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New drive-in cinemas plan for Scotland

How it could look this summer:  Chariots of Fire on the beach at St Andrews. Picture: Contributed

How it could look this summer: Chariots of Fire on the beach at St Andrews. Picture: Contributed

  • by ALASTAIR DALTON
 

FILM goers will be able to drive into the scenery under innovative plans for drive-in screenings at some of Scotland’s most dramatic movie backdrops.

US-style outdoor cinema shows are proposed for iconic big screen locations, such as the James Bond blockbuster Skyfall in Glencoe, to where Daniel Craig and Dame Judi Dench retreat in a vintage Aston Martin DB5.

West Sands beach in St Andrews, which famously featured in Chariots of Fire in a running scene to the Vangelis soundtrack, could become a drive-in venue for the film.

And car-based audiences could see zombies causing chaos in Glasgow city centre where it was filmed – masquerading as Philadelphia – by watching World War Z at the heart of the action in George Square.

Glasgow-based event firm Itison has revealed a location wishlist after attracting 30,000 people to see films in a Glasgow park at Halloween and beside Loch Lomond at Christmas.

The firm last week announced its next screenings would include Top Gun beside the runway at Edinburgh Airport next month.

The drive-ins involve a 100-square-foot LED screen, which Itison says is the world’s largest.

Founder Oli Norman said some 12 films and locations were “in development”, including other James Bond movies and Lord of the Rings.

They also included Jaws, which might also be screened at West Sands beach, or beside the River Clyde near the Riverside Museum in Glasgow.

He said: “We want to create more than just a film. The starting point for me is to come up with a really cool location to watch a film.

“Clearly there is a huge appetite for this. A lot of people have heard about the drive-in experience but not been to one. If something is exciting enough, people will travel to it.”

The screenings involve metallic trackways being laid for cars to park on, which would enable vehicles to drive on to beaches and other off-road venues.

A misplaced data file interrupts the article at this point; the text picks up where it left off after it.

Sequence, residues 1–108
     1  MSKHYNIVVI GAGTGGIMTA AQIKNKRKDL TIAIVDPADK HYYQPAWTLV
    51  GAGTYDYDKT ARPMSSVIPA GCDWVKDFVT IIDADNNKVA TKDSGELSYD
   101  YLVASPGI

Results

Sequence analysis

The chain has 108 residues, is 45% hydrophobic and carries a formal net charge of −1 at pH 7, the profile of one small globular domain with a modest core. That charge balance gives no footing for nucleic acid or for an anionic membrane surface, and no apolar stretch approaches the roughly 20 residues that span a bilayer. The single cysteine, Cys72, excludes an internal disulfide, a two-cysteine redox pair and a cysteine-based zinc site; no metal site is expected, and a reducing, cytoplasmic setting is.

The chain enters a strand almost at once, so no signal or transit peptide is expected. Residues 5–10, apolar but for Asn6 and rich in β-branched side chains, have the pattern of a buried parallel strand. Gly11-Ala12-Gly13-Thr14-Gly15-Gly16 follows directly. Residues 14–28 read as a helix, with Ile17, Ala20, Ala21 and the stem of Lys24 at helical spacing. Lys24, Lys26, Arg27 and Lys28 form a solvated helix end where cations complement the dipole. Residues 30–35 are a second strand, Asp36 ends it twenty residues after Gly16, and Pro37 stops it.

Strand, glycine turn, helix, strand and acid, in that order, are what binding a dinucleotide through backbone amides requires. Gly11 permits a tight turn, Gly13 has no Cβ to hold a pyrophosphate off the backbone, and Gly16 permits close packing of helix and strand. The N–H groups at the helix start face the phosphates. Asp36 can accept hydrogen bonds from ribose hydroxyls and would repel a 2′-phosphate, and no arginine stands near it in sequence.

Mr Norman claimed that despite their US heritage, drive-ins were ideal Scottish entertainment.

He said: “Drive-ins have been typically associated with good weather, but they are perfect for Scotland because no matter how terrible the weather is outside, you can keep cosy inside your car.”

A total of 20,000 people saw films such as Elf and It’s a Wonderful Life at the Lomond Shores centre at the southern end of Loch Lomond at Christmas, while nearly 10,000 watched Ghostbusters and Halloween over the Halloween weekend at Victoria Park in the west end of Glasgow. Mr Norman is also planning date-related screenings, such as Back to the Future on 21 October 2015 – the date to which the film’s time-travelling DeLorean car transports Michael J Fox and Christopher Lloyd.

Mr Norman said the film might also be screened in a shopping centre car park, echoing the Twin Pines mall where Fox and Lloyd are pursued by Libyan terrorists in the movie.

The National Trust for Scotland, which owns much of Glencoe, gave an enthusiastic response to the screening plans.

The conservation body has already sought to reap rewards from the success of the film, which it said had boosted visitor numbers.

A spokeswoman for the trust said: “We can’t think of anywhere better to watch Skyfall than in the stunning surroundings where it was shot.

“The Glencoe scenes have definitely encouraged people to visit, and to capitalise on that, our Glencoe visitor centre has been running an exhibition giving a glimpse of behind-the-scenes action from the shoot.”

Rose Ellison, of Edinburgh Film Focus, which helped arrange the airport screenings, said: “It’s a really refreshing way to see a movie, but also harks back to the American drive-ins of the 1950s and 1960s.”

Steamy windows intrude on the ultimate in-car experience

Halloween in Glasgow, and it was cold, dark and very wet.

Not exactly perfect conditions for my first movie drive-in experience – Ghostbusters – but it was certainly novel.

Driving into Victoria Park in Glasgow in the pouring rain, our vehicles were marshalled into neat rows in front of the giant screen.

We took the precaution of donning multiple layers of clothing and putting the heater on full blast beforehand to keep the cold at bay, as you could not keep your engine running during the film.

That seemed to just about do the trick, but the rain meant we had to keep our wipers on and constantly clear the inside of the windscreen, which kept steaming up.

There was a good view of the screen although things got a bit cramped when our two young children joined us in the front of the car.

The soundtrack came over loud and clear. It was a different night out, but I would hope for better weather next time.

 

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